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Vol. 45, No. 1, 2011
Issue release date: April 2011

Does Smoking Increase Risk for Caries? A Cross-Sectional Study in an Italian Military Academy

Campus G. · Cagetti M.G. · Senna A. · Blasi G. · Mascolo A. · Demarchi P. · Strohmenger L.
Caries Res 2011;45:40–46 (DOI:10.1159/000322852)
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Abstract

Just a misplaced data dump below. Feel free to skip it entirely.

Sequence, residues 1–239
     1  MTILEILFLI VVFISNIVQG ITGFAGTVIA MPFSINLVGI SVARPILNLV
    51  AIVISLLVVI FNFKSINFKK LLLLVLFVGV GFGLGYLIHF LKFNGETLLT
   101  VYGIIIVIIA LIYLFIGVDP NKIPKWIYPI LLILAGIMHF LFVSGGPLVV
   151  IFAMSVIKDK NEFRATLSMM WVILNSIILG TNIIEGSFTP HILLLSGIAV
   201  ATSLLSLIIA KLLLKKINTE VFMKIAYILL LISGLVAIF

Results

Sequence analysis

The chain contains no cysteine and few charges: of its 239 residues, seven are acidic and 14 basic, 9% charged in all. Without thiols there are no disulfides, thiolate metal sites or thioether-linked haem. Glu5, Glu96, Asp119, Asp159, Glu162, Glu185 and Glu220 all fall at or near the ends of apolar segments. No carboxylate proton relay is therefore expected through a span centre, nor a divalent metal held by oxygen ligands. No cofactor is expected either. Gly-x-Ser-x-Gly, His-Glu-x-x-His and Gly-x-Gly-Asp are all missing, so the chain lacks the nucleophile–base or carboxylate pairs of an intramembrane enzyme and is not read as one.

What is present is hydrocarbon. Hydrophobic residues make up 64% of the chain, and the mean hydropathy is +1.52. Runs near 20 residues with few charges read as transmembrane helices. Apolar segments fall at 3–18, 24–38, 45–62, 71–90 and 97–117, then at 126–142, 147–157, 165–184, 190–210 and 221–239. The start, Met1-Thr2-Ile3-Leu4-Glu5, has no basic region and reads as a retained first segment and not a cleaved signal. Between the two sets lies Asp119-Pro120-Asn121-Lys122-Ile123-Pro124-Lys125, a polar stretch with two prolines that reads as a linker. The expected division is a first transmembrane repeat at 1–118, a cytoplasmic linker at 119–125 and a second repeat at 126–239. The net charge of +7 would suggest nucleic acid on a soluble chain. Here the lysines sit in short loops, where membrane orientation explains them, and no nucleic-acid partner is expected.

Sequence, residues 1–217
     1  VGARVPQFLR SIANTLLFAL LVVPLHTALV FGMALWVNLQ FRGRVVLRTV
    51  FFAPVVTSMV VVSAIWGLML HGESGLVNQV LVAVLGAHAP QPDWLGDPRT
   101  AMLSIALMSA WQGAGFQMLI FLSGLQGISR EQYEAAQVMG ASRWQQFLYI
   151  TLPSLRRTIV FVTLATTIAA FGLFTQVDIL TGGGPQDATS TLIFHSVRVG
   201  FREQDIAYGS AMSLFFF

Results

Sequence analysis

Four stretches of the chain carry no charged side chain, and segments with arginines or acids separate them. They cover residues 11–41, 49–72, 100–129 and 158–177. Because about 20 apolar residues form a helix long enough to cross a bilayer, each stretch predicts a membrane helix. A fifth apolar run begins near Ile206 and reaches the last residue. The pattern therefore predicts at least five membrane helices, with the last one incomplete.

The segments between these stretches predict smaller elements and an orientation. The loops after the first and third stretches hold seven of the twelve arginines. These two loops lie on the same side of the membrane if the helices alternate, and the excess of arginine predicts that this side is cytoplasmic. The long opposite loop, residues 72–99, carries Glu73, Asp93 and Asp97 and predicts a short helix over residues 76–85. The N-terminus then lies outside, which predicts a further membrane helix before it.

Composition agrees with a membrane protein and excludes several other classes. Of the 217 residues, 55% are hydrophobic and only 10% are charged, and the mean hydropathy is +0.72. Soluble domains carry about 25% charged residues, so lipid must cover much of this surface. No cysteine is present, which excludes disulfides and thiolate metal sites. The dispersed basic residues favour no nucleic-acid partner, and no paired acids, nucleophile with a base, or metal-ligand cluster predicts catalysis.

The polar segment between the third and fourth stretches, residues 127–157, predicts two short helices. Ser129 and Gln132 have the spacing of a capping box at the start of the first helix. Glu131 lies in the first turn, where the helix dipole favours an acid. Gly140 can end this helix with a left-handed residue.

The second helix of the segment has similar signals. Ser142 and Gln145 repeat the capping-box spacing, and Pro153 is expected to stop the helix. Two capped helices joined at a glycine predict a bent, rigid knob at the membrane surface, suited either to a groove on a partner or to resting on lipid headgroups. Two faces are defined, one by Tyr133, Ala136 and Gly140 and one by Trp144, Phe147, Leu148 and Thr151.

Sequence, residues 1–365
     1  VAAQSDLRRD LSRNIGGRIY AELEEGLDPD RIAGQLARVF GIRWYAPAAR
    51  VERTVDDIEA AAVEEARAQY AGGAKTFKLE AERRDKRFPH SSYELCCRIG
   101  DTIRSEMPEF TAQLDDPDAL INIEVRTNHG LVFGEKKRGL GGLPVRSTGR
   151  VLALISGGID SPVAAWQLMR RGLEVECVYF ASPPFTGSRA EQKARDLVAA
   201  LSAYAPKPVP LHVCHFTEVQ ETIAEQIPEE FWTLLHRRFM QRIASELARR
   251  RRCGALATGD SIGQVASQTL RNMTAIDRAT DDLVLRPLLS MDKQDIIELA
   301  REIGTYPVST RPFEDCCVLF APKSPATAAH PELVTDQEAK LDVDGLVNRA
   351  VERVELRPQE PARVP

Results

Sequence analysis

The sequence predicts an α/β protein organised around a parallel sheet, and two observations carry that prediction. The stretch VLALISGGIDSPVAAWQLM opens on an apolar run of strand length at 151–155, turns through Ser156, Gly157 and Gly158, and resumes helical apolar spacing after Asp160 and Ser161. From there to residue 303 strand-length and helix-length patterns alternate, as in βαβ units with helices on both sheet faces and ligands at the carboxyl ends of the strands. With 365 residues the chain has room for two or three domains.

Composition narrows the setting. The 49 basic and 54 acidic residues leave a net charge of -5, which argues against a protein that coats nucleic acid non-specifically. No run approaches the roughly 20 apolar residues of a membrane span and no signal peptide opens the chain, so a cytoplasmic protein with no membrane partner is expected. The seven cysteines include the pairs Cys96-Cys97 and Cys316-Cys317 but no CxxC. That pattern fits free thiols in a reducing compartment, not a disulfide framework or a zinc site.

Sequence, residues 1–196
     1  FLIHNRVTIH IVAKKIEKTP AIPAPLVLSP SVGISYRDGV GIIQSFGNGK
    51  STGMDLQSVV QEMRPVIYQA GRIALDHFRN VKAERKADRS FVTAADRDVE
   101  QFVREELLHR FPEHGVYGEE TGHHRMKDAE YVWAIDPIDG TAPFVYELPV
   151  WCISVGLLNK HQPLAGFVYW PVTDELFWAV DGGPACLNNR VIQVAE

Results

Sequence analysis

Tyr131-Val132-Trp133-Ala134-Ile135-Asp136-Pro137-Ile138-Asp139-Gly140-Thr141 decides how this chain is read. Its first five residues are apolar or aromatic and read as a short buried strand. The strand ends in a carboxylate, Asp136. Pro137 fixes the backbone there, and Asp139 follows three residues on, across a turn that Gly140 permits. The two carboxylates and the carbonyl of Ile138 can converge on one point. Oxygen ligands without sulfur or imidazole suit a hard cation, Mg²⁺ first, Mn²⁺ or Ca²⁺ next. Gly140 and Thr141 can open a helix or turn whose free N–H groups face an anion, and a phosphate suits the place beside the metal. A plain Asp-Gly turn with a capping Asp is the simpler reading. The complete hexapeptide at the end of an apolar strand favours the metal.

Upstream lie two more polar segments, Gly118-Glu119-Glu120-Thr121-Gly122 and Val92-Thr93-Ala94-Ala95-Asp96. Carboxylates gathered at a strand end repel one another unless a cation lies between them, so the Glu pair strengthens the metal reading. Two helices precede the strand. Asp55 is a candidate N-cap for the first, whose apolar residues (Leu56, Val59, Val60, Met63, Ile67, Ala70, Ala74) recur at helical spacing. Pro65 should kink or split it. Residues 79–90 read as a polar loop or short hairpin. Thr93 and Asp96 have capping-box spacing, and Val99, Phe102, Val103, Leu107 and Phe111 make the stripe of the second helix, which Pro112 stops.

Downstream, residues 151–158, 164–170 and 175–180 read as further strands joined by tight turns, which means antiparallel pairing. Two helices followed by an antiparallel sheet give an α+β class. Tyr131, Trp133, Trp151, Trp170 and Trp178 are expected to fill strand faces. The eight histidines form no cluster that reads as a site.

Background/Aims: Traditionally, tobacco is considered as part of the military culture. A cross-sectional survey was designed to clarify if smoking habit increases the caries risk in a sample of Italian adults attending a Military Academy. Methods: Clinical examinations including dental caries and presence of bleeding at probing were carried out following WHO criteria. Related socio-behavioural factors were collected. Four calibrated examiners observed 763 subjects (men = 722; 94.6% and women = 41; 5.4%). Results: One of the 763 subjects did not declare the smoking status and was excluded from the analysis. Hundred twenty-six (16.5%) subjects claimed to have never smoked, 200 (26.3%) were coded as light smokers and 436 (57.2%) as heavy tobacco users. Statistically significant linear trend across the educational level (p = 0.03), self-satisfaction with the appearance of teeth and gums (p = 0.04) and dental check-up in the past 6 months (p = 0.02) was found among the 3 subgroups. Almost the entire sample showed caries experience (84.1%). Mean DS ranged from 0.6 in the nonsmokers subgroup to 1.1 in the heavy smokers. Differences among means were statistically significant for DS, DMFS and Significant Caries Index (p = 0.01, 0.04 and 0.03, respectively). The zero-inflated regression model showed that caries severity was significantly associated with smoking habit (p = 0.02), dental check-up in the past 6 months (p = 0.01), self-satisfaction with the appearance of teeth and gums (p < 0.01) and healthy gums (p = 0.04). Conclusion: Heavy smokers attending a Military Academy showed a higher prevalence of caries, confirming a correlation between the disease and tobacco use.



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